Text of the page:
Hey @jroberayalas, I’ve been thinking about using dynamax for M5 data too. I think this is better for stsjax rather than pure dynamax. I was planning on contributing this as an example, but I’d be really keen to collaborate if you’re interested. Happy to set up a quick call.
Following the notation of the README, we have
y_t = H_t z_t + u_t + \epsilon_t, \qquad \epsilon_t \sim \mathcal{N}(0, \sigma^2_t)
z_{t+1} = F_t z_t + R_t \eta_t, \qquad \eta_t \sim \mathcal{N}(0, Q_t)
We can make some simplifying assumptions:

\sigma_t = \sigma_h static measurement noise

Q_t = \sigma_q^2. This is now a vector of disturbance, the same length as the number of states \text{length}(z_t) = N_z, so each state has independent disturbances (no covariance in the AR effects). And as there are the same number of states as disturbances, \eta_t is the same length as z_t so R_t is identity.

F_t z_t= f \cdot z_t, where f is the diagonal of some matrix F (no crosscorrelations between states). This should save us having to invert F in Kalman filter, because inverting a diagonal is easy. We can either set all elements of f to 1 (perfect correlation between timesteps) or estimate the correlation of each effect.

u_t = x_t^T \beta: regression component from external inputs.
Let’s say, following the M5 context, we have N_s stores and N_t timesteps. Let’s say each store has it’s own AR effect, and each store has a seasonality effect. Using seasonal dummies, we can have weekly seasonality. So have N_z = N_s (1 + 6), because we only need 6 dummies for a seasonality of 7.
Putting this together, and using bold for vectors and matrices because I prefer that, we have
\mathbf{y_t} = \mathbf{H_t} \mathbf{z_t} + \mathbf{u_t} + \mathbf{\epsilon_t}, \qquad \mathbf{\epsilon_t} \sim \mathcal{N}(0, \sigma_h^2)
\mathbf{z_{t+1}} = \mathbf{f} \cdot \mathbf{z_t} + \mathbf{\eta_t}, \qquad \mathbf{\eta_t} \sim \mathcal{N}(0, \mathbf{\sigma_q^2})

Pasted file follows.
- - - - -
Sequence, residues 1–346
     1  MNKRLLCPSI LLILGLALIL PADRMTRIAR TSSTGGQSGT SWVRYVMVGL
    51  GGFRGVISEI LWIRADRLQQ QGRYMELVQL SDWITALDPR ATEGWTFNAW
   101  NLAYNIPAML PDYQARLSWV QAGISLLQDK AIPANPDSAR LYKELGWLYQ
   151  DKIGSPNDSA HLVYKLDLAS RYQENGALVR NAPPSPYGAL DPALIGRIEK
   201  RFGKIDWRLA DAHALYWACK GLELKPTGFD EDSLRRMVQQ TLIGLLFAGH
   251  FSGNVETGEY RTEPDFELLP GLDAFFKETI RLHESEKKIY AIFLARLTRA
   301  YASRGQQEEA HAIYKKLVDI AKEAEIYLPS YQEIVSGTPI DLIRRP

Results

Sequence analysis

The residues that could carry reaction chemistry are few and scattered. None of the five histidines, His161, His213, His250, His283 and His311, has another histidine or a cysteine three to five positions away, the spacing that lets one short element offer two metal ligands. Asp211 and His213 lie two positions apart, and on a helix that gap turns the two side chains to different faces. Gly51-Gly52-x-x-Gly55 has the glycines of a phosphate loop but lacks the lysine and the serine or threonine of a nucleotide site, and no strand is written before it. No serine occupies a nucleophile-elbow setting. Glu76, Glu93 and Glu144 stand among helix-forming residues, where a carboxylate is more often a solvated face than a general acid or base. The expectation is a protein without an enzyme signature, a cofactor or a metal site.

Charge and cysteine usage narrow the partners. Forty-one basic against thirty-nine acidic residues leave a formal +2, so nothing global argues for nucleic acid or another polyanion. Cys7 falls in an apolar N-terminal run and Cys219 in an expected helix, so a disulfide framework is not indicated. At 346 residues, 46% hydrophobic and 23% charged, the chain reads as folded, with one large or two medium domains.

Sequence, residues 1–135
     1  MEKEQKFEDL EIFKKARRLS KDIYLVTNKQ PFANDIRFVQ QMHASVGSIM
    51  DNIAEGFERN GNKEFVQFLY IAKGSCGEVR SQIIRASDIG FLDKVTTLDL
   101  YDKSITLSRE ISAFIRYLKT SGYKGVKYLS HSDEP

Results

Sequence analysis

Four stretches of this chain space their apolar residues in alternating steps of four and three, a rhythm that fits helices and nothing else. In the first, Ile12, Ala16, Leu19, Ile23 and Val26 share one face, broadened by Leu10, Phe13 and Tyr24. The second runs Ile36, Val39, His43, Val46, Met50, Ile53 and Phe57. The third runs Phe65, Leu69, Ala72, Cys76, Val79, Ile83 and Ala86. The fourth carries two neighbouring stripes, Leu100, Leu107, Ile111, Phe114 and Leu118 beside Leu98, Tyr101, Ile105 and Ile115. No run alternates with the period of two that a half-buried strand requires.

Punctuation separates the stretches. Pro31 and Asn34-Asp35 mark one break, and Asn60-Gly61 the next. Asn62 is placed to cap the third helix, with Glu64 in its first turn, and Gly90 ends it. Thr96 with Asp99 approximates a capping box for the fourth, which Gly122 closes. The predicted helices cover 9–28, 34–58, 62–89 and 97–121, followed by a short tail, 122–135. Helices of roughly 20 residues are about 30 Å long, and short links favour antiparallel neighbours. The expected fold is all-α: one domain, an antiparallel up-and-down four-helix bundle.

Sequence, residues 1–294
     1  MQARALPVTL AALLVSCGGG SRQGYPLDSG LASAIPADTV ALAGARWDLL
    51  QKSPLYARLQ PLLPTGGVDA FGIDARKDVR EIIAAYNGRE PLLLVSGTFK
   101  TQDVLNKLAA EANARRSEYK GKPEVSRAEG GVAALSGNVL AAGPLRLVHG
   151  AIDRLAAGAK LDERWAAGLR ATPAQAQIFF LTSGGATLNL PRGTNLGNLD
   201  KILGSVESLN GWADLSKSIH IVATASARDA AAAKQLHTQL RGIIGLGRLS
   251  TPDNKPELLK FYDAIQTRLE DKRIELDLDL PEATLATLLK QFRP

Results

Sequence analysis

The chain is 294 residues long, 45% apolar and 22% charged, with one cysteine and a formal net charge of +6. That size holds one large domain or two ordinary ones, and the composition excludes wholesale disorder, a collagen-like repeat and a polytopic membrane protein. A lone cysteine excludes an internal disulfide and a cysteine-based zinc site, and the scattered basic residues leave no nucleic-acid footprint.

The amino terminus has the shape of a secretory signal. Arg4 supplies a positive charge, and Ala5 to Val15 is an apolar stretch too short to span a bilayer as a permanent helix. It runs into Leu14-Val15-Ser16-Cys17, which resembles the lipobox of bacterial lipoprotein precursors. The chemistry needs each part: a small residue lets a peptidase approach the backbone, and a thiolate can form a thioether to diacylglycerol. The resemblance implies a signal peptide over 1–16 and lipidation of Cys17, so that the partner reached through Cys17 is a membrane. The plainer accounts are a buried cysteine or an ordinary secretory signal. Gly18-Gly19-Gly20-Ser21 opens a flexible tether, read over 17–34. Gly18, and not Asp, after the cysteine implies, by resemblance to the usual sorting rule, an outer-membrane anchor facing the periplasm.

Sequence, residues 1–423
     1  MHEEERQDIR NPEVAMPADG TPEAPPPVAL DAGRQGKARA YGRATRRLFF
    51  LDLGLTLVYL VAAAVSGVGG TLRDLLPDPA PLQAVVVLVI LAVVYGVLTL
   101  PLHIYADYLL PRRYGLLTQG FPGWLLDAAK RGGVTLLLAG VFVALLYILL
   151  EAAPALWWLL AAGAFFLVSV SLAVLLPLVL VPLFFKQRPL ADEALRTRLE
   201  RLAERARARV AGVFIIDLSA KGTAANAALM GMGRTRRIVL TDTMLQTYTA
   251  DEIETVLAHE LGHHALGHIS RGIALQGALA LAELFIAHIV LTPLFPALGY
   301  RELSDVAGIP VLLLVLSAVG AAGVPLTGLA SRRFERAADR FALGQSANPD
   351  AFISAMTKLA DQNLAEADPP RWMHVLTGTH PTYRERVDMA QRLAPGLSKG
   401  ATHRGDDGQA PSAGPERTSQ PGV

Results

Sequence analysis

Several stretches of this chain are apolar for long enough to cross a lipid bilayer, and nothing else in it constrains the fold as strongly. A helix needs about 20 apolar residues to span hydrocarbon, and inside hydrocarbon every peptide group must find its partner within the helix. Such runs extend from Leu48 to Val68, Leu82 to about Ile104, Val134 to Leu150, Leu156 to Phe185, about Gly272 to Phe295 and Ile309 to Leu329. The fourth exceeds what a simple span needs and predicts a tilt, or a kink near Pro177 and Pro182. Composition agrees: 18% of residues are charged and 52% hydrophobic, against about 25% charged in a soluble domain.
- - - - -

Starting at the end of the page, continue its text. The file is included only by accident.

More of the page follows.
\mathbf{u_t} = \mathbf{X_t} \mathbf{\beta}
And the form of z_t is something like
\begin{bmatrix}
\text{AR effect, store 1} \\
\text{seasonal effect 1, store 1} \\
... \\
\text{seasonal effect 6, store 1} \\
... \\
\text{AR effect, store } N_s \\
\text{seasonal effect ,1 store } N_s \\
... \\
\text{seasonal effect 6, store } N_s
\end{bmatrix}
Then \mathbf{H_t}, which has shape N_s \times N_z, sums the states to the observation dimension \text{length}(y_t) = N_s, is something like (for N_s = 2, and the day of the week is such that the third seasonal component is selected)
\begin{bmatrix}
1 & 0 & 0 & 1 & 0 & 0 & 0 & 0 & 0 & 0 & 0 & 0 & 0 & 0 \\
0 & 0 & 0 & 0 & 0 & 0 & 1 & 0 & 0 & 1 & 0 & 0 & 0 & 0
\end{bmatrix}
The 1st column means we select store 1’s AR component. Col 4 is the same as we are selecting the 3rd seasonal effect for store 1. Col 8 means we select store 2’s AR component. Col 11 means we select the 3rd seasonal effect for store 2.
At the moment, this is all independent except for the common \sigma_h. But we can extend this to share information between stores in a few ways:
 Common AR and seasonal effects between stores
 hierarchical priors on \mathbf{\sigma_q}, \beta
 Allowing covariance between disturbances (matrix Q), or crosscorrelations between AR steps (matrix \textbf{F})
Although I don’t know how easy it is to control priors in dynamax as it isn’t a PPL. Does anyone have experience with this?
Let me know what you all think, but I’d been keen to contribute this.